Tolerance and freedom of speech
Dr Natasha Moore, Research Fellow at the Centre for Public Christianity.
Some say millennials are the most tolerant generation ever. However, student culture around the world is becoming more and more intolerant of people expressing 'unacceptable' views. Does freedom of speech matter? And if so, how does it contribute to a more tolerant society? Is it possible to fiercely disagree with someone yet love them at the same time? These issues were the focus of this week's Senior College Breakfast.
Dr Natasha Moore, Research Fellow at the Centre for Public Christianity was the guest speaker. In attendance were 150 students from Years 9-12, including visitors from James Ruse High School, Turramurra High School, Knox and Roseville College. The address was followed by thoughtful and searching questions from the audience; a reflection of the relevance and importance of this topic to our students.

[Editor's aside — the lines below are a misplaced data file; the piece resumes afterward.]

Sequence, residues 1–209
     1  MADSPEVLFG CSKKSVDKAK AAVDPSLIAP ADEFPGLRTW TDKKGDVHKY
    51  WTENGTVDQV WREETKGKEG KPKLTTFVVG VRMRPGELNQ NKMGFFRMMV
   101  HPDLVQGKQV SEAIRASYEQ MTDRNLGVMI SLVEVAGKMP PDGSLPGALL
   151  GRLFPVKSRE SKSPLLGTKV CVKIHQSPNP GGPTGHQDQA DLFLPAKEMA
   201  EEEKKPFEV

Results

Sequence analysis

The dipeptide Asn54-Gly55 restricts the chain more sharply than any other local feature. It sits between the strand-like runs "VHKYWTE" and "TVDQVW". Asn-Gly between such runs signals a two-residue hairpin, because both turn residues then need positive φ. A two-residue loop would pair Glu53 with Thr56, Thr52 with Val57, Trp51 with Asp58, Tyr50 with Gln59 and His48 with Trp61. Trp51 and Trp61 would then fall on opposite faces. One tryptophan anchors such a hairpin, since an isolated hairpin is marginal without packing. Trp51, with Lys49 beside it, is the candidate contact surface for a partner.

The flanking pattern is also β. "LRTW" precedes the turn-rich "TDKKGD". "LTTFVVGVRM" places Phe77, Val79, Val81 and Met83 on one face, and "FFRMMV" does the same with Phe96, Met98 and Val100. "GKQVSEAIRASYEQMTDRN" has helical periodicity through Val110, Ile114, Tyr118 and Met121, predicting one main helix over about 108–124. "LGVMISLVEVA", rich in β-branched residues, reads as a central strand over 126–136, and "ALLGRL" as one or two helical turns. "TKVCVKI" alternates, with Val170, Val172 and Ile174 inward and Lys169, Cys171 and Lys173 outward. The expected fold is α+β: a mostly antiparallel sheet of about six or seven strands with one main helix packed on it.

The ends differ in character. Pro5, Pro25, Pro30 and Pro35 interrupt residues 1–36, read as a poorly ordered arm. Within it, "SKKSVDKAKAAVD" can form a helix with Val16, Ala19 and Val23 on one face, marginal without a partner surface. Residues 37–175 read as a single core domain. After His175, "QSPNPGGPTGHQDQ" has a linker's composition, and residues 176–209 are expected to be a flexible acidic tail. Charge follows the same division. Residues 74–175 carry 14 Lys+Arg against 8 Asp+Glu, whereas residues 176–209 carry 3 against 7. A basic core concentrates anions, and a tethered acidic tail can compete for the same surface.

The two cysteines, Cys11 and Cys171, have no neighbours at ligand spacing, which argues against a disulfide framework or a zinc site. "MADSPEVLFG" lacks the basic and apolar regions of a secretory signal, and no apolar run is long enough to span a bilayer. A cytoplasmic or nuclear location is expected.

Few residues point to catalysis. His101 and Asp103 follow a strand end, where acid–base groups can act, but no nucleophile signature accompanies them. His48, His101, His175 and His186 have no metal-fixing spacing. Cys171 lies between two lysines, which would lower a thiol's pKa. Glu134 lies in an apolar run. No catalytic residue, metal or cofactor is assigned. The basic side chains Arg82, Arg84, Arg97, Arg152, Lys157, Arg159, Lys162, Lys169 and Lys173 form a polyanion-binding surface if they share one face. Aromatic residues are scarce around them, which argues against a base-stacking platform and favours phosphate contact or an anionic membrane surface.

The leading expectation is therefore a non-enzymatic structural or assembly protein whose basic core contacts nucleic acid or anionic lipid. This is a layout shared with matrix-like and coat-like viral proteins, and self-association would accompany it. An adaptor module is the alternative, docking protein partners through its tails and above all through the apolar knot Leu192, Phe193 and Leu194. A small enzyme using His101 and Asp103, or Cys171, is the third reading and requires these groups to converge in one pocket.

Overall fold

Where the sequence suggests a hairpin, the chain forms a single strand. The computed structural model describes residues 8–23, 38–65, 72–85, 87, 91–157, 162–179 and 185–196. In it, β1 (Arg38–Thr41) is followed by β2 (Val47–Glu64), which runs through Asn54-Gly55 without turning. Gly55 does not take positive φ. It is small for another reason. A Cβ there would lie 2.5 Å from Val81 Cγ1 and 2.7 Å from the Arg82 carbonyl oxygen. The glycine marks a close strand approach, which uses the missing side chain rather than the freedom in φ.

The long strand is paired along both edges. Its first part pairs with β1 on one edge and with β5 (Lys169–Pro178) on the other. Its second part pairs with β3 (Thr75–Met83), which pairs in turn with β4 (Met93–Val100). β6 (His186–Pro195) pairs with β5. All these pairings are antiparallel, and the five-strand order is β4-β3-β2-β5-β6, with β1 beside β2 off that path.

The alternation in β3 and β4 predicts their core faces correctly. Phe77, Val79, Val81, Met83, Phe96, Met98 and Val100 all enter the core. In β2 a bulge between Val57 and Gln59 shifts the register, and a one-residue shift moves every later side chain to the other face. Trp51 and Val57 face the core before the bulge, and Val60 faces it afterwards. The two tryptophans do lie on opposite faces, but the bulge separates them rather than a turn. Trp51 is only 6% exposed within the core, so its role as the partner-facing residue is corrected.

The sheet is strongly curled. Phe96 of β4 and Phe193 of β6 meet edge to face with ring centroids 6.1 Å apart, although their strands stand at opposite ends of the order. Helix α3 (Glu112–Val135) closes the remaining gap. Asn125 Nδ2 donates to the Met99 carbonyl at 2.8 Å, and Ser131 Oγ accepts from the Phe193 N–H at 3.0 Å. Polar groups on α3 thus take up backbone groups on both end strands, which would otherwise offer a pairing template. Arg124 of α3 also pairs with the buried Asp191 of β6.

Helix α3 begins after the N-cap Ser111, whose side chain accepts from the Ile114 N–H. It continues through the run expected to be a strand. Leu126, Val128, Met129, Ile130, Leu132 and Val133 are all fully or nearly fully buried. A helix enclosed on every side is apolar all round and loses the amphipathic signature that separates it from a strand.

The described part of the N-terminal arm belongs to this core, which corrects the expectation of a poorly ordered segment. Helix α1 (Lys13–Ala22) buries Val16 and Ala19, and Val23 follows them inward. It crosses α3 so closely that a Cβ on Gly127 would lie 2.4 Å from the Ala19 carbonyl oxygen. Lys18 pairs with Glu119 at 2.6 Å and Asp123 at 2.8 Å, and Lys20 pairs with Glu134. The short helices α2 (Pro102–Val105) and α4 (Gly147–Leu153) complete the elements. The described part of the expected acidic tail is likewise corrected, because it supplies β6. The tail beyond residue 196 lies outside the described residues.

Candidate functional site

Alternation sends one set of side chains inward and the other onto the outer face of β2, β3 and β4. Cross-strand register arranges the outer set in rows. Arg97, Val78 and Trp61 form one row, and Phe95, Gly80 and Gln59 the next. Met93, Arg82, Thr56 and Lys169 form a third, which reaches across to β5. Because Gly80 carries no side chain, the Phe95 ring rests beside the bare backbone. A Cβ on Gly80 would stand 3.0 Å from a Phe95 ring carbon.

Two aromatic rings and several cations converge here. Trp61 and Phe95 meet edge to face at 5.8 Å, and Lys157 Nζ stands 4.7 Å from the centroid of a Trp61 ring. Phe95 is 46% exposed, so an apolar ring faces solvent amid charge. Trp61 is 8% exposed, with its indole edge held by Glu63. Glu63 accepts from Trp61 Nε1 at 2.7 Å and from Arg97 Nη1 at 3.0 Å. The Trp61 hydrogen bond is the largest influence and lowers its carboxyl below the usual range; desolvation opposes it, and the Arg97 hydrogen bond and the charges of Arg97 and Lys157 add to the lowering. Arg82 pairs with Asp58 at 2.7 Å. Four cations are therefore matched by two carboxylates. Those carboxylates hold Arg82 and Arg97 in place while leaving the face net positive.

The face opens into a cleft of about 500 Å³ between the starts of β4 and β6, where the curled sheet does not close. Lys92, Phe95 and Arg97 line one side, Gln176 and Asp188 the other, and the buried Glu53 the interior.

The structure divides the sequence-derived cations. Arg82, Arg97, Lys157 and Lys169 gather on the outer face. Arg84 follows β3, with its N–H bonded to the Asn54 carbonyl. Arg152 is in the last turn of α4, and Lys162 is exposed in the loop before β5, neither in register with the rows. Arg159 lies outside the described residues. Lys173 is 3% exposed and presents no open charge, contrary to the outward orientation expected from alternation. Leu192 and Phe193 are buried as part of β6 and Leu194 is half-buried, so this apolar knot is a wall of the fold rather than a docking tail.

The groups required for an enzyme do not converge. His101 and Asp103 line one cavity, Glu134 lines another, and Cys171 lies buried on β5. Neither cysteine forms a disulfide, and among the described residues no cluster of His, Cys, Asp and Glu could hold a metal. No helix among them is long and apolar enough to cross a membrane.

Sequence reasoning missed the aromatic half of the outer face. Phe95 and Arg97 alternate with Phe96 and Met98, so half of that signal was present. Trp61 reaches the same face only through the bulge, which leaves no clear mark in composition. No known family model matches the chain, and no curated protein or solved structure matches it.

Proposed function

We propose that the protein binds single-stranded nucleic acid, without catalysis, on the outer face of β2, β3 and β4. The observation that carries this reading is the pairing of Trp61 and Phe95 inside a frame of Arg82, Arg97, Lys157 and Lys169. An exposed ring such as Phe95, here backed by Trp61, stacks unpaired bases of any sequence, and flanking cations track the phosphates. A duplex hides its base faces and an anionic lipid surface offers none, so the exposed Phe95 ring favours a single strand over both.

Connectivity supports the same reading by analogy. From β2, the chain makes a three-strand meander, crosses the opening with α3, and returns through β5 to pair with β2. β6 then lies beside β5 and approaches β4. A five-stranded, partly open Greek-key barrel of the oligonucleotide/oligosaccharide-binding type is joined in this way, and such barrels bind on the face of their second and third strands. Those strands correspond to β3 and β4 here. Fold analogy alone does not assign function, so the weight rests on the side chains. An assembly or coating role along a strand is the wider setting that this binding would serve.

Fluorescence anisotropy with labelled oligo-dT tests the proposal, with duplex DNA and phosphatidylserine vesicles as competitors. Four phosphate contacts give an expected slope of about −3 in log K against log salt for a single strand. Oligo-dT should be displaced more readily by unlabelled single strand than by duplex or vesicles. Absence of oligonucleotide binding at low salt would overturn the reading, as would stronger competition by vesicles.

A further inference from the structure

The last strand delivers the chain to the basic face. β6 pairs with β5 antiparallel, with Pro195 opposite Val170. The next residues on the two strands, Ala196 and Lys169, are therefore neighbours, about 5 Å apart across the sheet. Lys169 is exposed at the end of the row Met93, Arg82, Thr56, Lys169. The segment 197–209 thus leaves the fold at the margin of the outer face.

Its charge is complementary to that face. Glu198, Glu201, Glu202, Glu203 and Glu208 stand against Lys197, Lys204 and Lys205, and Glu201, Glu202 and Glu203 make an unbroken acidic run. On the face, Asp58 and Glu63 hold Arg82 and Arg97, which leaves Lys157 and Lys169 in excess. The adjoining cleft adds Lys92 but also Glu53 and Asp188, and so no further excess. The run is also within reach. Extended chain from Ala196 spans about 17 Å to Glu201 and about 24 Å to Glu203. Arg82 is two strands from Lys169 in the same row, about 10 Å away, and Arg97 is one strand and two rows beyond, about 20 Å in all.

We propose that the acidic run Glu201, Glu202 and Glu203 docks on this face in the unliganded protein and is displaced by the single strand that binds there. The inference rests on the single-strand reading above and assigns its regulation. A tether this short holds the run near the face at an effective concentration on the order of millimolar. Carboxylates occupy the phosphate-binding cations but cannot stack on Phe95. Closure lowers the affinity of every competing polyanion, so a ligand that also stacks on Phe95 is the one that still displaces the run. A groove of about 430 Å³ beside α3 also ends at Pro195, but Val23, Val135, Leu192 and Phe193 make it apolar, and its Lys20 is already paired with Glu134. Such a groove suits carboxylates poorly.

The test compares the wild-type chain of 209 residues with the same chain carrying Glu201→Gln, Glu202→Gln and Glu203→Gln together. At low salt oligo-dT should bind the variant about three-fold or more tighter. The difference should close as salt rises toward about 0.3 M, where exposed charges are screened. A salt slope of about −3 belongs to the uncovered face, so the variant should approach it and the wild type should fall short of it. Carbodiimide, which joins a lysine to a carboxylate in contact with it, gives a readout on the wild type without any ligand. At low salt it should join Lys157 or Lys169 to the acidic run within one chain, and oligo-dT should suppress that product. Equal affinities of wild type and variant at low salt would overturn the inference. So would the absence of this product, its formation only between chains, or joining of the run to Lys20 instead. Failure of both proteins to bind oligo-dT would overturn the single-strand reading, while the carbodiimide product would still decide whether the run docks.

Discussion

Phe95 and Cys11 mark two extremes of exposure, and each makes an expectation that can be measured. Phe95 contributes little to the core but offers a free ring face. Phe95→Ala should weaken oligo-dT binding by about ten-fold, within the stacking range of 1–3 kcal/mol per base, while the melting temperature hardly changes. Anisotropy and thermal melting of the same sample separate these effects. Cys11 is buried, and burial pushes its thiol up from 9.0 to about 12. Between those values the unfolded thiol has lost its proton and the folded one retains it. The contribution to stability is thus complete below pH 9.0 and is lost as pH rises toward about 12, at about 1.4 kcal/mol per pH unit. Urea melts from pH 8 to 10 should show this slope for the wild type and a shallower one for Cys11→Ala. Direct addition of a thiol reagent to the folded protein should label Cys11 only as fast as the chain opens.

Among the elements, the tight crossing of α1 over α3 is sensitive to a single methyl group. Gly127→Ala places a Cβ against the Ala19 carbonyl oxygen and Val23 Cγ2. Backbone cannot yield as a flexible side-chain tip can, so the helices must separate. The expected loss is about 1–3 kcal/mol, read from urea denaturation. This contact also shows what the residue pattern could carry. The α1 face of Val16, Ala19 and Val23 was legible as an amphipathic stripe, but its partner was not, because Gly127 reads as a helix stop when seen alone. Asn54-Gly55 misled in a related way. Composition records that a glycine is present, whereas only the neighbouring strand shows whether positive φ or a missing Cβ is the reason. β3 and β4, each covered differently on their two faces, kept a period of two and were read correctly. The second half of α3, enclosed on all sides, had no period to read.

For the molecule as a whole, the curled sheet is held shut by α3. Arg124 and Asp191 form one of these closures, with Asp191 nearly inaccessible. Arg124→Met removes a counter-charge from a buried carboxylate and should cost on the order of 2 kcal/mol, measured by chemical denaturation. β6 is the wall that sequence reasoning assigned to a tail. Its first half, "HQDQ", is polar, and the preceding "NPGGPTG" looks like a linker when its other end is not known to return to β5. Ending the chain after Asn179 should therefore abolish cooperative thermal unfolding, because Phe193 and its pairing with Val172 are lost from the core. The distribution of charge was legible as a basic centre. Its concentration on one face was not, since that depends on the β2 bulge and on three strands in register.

Being presented were two compelling reasons why free speech is important. Firstly, the ability to express opinions is vital in case we are wrong! Recognising that none of us are right all the time is not only honest but helpful; if we are wrong, the opportunity to be corrected has value. On the other hand, the silencing of discussion is akin to an assumption of infallibility. Dr Moore drew attention to the fact that the more one knows about a topic, the more one is aware of the complexities of the topic. Those who know a little about an issue are often those who seek to silence others, where holding an opinion with humility and a degree of tentativeness may be more appropriate.
L-R: Vice Head Prefect, Service Sarah Flint, Dr Natasha Moore, Headmistress Megan Krimmer and Head Prefect Jocelyn Abbott.
Secondly, she said free speech is important in case we are right! Strongly held opinions become more robust when we hear and engage with opposing views. Very often strongly held opinions have not been challenged. The person who knows only his or her own side of the case, knows little of the issue.
Referencing the Bible, Dr Moore pointed out that God is profoundly non-coercive. God invites people but refuses to force them, and therefore those who identify as Christians have every reason to reflect the liberty that God gives people in their own relationships with others.